The Hack FAQ

21.0 Netware Console Attacks

This section deals with attacking at the Netware Console.

21.1 What's the "secret" way to get Supe access Novell once taught CNE's?

Before I start this section, let me recommend another solution, my God, ANY other solution is better than this! If you are running 3.x, jump to the end of this section.

The secret method is the method of using a DOS-based sector editor to edit the entry in the FAT, and reset the bindery to default upon server reboot. This gives you Supervisor and Guest with no passwords. The method was taught in case you lost Supervisor on a Netware 2.15 server and you had no supe equivalent accounts created. It also saves the server from a wipe and reboot in case the Supervisor account is corrupt, deleted, or trashed.

While you get a variety of answers from Novell about this technique, from it doesn't work to it is technically impossible, truth be it it can be done. Here are the steps, as quoted from, with my comments in [brackets]:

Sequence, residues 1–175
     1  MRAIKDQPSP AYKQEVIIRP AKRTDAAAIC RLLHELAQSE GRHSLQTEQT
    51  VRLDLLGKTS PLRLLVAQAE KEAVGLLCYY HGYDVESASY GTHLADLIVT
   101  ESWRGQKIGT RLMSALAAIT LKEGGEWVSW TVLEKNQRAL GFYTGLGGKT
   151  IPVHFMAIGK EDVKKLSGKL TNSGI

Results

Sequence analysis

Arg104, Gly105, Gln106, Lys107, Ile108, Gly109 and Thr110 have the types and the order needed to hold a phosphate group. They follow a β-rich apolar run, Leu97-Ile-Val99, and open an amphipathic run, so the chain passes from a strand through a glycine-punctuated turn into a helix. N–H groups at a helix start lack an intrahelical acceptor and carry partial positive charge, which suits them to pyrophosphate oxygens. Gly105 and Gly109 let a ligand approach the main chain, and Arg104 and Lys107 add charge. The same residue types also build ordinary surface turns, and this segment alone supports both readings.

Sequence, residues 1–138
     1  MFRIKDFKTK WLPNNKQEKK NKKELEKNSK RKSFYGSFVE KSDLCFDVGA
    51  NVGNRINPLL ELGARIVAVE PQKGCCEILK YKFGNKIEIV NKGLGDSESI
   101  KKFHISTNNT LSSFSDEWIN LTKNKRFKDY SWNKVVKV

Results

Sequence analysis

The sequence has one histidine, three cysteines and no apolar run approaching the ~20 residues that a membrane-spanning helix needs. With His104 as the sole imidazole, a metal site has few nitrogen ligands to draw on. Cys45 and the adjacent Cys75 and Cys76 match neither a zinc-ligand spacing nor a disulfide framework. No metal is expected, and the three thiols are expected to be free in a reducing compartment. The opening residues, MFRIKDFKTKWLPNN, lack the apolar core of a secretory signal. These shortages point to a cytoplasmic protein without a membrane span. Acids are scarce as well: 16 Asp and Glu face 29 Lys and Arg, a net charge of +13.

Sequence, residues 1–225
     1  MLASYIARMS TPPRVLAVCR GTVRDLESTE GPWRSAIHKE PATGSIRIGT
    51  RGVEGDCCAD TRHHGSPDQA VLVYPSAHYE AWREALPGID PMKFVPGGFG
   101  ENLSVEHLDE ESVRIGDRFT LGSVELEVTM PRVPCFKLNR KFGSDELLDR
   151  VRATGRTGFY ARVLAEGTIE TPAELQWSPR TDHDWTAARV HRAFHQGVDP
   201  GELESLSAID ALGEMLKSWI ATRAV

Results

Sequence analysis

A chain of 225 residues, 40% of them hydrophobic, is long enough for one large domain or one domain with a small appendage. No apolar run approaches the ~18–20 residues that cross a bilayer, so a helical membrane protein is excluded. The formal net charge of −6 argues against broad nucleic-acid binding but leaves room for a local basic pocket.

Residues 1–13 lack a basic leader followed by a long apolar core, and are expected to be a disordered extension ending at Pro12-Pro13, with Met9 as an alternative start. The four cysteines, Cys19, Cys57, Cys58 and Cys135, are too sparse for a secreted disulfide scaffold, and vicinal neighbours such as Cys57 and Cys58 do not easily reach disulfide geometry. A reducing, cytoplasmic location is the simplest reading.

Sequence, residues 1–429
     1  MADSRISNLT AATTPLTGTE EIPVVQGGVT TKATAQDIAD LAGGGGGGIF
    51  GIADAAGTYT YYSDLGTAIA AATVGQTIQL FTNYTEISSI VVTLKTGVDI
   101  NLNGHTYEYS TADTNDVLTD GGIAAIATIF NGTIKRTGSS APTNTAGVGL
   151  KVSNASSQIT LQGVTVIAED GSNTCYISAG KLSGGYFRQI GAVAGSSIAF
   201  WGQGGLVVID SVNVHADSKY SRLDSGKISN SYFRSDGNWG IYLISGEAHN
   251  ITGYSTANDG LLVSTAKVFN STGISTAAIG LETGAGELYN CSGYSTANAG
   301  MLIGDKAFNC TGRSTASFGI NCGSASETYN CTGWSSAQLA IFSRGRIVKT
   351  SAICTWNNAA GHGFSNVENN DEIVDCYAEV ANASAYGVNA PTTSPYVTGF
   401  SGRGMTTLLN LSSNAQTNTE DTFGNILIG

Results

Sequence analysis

[start of quote] A Netware Server is supposed to be a very safe place to keep your files. Only people with the right password will have access to the data stored there. The Supervisor (or Admin) user's password is usually the most well kept secret in the company, since anyone that has that code could simply log to the server and do anything he/she wants.

But what happens if this password is lost and there's no user that is security-equivalent to the supervisor? [Use SETPWD.NLM, instead of this process, see section 02-5 - S.N.] What happens if the password system is somehow damaged and no one can log to the network? According to the manual, there's simply no way out. You would have to reinstall the server and try to find your most recent backup.